Book Review: Facilitator's Guide to Participatory Decision Making
As the biggest part of my job is to make sure that teams work effectively together, I was looking for literature about how to guide teams in making group decisions. Team commitment is an important factor in agile software development, which can be strengthened by giving teams the room to make decisions as a group. A team facilitator can guide and coach them where appropriate.
One of the responsibilities of self-organizing teams is to take decisions that respect everyone's opinion. This book has some great examples in coaching the team to navigate through difficult discussions so they can maintain their speed without endangering their success by suspending or ignoring critical issues.
The book is built around a model called 'the Diamond of Participatory Decision-Making'.
The diamond is a schematic representation of the different stages in time through which a team has to move in order to develop a solution that is satisfactory to all.
Five different stages are described:
Business as usual
The team comes up with obvious solutions to the problem. They refrain from taking risks or being ambitious.
A facilitator should pay attention to the quality and quantity of each person's participation. If not everyone supports the proposal, the facilitator can help the team to break out of the business as usual zone and move into the divergent zone.
In contrary to the business as usual zone, feelings are different in the divergent zone. People can be playful, curious, nervous, ...
The facilitator has to help the team in expressing their divergent points of view by using brainstorming or go-arounds. He has to help each person to express their thoughts clearly by using mirroring or paraphrasing. Everyone should feel comfortable expressing their point of view.
Once the team has expressed all points of view, often conflicts come forward due to not understanding each other's perspectives. It feels uncomfortable and stressful. People don't see the light at the end of the tunnel anymore. The task of a facilitator is not to prevent teams from entering the groan zone, but to support people in their effort to understand each other's perspectives. He has to assure the team that by going through this painful stage, they will eventually be able solve the problem as a group. The team can start on working on a shared framework of understanding which will lead them to the convergent zone.
Now that everyone has a shared framework of understanding, discussions go smoother. Everyone gets the feeling that they are making progress again. People are enthusiastic and committed. The facilitator should let the team use their renewed energy to the fullest and get out of their way. Nonetheless he should guard that every proposal is one that covers everyone's interests.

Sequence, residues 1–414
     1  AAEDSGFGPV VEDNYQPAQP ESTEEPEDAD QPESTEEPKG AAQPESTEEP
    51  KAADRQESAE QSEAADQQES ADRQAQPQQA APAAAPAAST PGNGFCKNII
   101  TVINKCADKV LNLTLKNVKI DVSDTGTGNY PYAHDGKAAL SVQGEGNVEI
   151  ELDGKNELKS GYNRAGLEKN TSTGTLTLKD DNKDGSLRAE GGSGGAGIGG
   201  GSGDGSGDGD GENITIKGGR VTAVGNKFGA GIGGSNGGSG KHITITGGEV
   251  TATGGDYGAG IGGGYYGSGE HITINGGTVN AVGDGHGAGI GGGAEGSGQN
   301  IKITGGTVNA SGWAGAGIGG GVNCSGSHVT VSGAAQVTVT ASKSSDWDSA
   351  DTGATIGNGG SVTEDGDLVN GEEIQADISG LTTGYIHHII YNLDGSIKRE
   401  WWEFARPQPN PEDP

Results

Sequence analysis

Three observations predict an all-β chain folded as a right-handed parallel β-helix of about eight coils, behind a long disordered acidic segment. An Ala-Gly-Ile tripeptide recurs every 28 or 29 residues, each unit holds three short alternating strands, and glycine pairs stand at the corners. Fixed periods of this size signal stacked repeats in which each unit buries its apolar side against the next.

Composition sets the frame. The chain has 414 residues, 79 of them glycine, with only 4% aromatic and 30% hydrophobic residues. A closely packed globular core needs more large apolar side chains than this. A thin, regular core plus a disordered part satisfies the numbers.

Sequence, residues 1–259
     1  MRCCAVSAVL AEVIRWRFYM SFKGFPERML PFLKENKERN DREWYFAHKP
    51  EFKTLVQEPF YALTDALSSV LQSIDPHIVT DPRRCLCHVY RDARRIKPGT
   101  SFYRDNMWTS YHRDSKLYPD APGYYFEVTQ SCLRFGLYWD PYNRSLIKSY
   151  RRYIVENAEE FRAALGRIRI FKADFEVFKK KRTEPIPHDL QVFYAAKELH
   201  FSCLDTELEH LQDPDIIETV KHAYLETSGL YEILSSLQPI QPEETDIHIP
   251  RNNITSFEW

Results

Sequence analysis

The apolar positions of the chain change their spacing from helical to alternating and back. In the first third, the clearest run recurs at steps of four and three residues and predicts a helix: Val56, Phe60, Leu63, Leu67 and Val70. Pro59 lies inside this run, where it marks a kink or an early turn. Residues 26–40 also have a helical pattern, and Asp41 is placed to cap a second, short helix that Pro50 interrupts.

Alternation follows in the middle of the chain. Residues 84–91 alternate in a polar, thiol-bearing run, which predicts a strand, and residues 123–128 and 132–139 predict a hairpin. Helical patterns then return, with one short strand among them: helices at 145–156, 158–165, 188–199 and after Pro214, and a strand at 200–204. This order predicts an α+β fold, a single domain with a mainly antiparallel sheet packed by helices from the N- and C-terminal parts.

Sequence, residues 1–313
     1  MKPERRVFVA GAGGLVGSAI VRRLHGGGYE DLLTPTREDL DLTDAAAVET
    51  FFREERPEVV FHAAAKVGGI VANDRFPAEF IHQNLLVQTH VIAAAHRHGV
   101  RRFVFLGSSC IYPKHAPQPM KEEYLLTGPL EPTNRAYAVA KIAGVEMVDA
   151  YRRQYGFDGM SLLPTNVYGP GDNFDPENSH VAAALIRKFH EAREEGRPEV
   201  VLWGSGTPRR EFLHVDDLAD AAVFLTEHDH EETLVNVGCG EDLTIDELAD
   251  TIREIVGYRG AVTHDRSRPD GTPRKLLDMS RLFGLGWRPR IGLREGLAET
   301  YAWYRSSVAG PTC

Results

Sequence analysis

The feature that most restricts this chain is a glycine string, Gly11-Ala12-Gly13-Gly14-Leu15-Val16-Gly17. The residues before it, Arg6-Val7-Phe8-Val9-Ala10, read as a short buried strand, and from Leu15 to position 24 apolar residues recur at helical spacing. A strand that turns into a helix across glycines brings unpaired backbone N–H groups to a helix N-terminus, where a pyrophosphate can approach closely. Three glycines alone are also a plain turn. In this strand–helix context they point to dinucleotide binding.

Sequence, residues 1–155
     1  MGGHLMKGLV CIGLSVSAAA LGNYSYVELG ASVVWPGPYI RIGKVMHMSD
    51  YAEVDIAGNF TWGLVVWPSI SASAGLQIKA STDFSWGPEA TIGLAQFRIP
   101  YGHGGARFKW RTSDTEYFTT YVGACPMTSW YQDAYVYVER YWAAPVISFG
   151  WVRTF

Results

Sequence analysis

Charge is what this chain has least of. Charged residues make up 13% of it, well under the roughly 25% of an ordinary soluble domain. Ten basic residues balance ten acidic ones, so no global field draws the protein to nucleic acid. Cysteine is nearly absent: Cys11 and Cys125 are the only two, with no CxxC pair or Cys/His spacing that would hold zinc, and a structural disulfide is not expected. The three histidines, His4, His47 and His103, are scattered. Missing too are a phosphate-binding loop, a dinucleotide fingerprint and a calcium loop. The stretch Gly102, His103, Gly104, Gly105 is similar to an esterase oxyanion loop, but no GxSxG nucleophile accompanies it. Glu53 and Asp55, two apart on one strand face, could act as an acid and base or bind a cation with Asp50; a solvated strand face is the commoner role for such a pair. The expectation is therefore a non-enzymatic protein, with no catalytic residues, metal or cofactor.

Finally, a decision has to be made. The facilitator has to guide the team in making that decision. It has to be clear to everyone what the decision embodies and how it is supported by all. An agreement scale can help to poll the support of a decision.
This book goes into detail of each stage and hands out useful techniques that can be used to guide the team.
A lot of these techniques are widely used and not new, but in combination with the diamond model, I believe they can be used more effectively.
Examples are brainstorming, go-arounds, chart writing techniques, listing ideas, break-ups in small groups, fishbowls, individual writing and many more. I personally tried polling during a sprint retrospective. My goal was to get an idea of how the team felt about the project in general. We used the secret ballot method. First, we create a scale from 1 to 5 where one gets the definition "I hate this project" and five being "This is the best project ever". Then every team member writes down one number of the scale on a piece of paper, folds it and throws it in a hat. By registering the number of votes for every number on the scale, we got a pretty good idea about the general feeling about the project so far. Great about this method is the confidentiality. No-one is influenced by the choices of others or different levels in corporate hierarchy.
A great book that I would recommend to everyone who's interested in group facilitation. The diamond model gave me a handy mental reference model to use in guiding teams through difficult topics. The list of techniques is a useful piece of reference material that you can use when preparing for a challenging team meeting. In an agile project, a lot of these techniques can be used during retrospectives where problem areas often surface. In a lean organization for example a facilitator can use these techniques when creating an A3 continuous improvement plan. One small negative point for me is the page size of the book, which I believe is close to A4. Not really pocket size :-)
John Krewson, Steve Ropa and Matt Badgley Nov 24, 2014